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Stand-Alone Newsletter definition

Stand-Alone Newsletter (© maicasaa /

Stand-Alone Newsletter (© maicasaa /

A stand-alone newsletter is a one-off message that is used to attract attention for special promotions and sales. This has a number of uses, so read on to find out how to make the most of the stand-alone newsletter. A stand-alone newsletter is simply a one-off message as used in the context of email marketing.

Email marketing is of course the process of marketing a business through emails. Often, this will involve getting people to sign up to a list and then sending them news about your business, along with other useful information and entertainment that might encourage them to keep reading and to keep opening your future correspondence (if it’s all just marketing, then chances are they won’t want to keep reading in future!).

But with a stand-alone newsletter, you are sending a message out of sequence – possible with no regular communication involved. This has some advantages:

  • The ROI is low – if you are only sending one message, then you don’t have to invest a lot of time writing regular emails!
  • It will stand out – a ‘one off’ email will stand out significantly as compared with multiple emails
  • You may make it past spam and promotions – you might stand a better chance of getting into the main inbox if your email is a ‘one off’

Generally, this will be used for special promotions, deals, launches and new products.

Email Marketing 101

Whether you are using stand-alone emails or any other type of email marketing, it is important to understand what makes this format work.

The first and most important thing to consider with email marketing is that the emails are solicited. Emailing large numbers of people without first gaining their permission though very easy to do with a lot of popular software and seemingly a tempting prospect is not only illegal but will also understandably irritate those on the receiving end. We all know what it’s like to receive tons of unwanted junk mail so don’t contribute to that or your company’s name will be synonymous with receiving rubbish. In other words then, you need to get your recipients to actively agree to receive your emails. Once they’ve signed up you then add their addresses to a ‘mailing list’ from which you send each of your newsletters or (cleverly disguised) adverts. Obviously, this can prove difficult but then that’s where the marketing challenge lies.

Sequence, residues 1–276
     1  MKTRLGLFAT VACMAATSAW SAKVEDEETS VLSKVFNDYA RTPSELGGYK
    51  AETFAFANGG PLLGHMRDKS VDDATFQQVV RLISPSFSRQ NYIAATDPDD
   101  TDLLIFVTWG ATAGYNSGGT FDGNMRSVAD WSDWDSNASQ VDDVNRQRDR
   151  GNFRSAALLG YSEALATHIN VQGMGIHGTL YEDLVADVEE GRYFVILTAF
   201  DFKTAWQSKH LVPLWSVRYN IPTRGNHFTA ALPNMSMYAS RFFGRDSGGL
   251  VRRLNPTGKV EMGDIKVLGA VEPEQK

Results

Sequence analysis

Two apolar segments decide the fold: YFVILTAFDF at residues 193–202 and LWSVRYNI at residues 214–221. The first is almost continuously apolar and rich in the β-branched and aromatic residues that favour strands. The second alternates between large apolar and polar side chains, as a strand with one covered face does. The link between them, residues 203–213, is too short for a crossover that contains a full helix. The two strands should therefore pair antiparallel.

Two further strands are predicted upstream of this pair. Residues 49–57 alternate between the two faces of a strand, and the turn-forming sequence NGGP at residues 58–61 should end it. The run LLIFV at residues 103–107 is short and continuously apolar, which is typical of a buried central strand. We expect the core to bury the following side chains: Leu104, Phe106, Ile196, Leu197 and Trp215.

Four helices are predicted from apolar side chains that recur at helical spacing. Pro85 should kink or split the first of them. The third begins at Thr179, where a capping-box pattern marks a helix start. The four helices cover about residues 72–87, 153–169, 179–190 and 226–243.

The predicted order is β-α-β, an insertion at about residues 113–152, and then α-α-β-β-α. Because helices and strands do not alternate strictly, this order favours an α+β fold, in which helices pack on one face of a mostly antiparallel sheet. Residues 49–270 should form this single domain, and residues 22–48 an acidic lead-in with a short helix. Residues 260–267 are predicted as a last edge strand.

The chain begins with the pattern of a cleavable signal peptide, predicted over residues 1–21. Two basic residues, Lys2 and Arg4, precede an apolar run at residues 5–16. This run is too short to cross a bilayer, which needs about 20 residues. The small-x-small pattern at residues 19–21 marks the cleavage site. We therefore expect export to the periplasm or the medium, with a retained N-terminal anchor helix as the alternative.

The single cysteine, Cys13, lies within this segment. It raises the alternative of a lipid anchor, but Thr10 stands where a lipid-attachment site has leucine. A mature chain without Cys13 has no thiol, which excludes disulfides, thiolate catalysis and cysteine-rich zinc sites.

And this is STILL TRUE for stand-alone emails. You can buy emails, but these will be far less likely to get opened. The best way to get permission for one-off messages is to promote a new exciting product or deal and then have the user sign up to get news about it.

But there are other ways too.

How to Get Permission for Your Emails

One simple way to get your mailing list is to offer something free as an incentive. For example you might give away free e-books to anyone who signs up. Though you might be loathe to give away something you’ve spent a long time writing, this is an initiative that will pay for itself in the long run. You can also use this method as a way to get them to accept your e-mail address to ensure your newsletters aren’t caught by their spam filter. Alternatively, you can get them to opt in or out of your newsletter while signing up to another part of the site such as a message board. The best case scenario however is that your visitors simply choose to join your mailing list because they value the content of your site and want to be updated.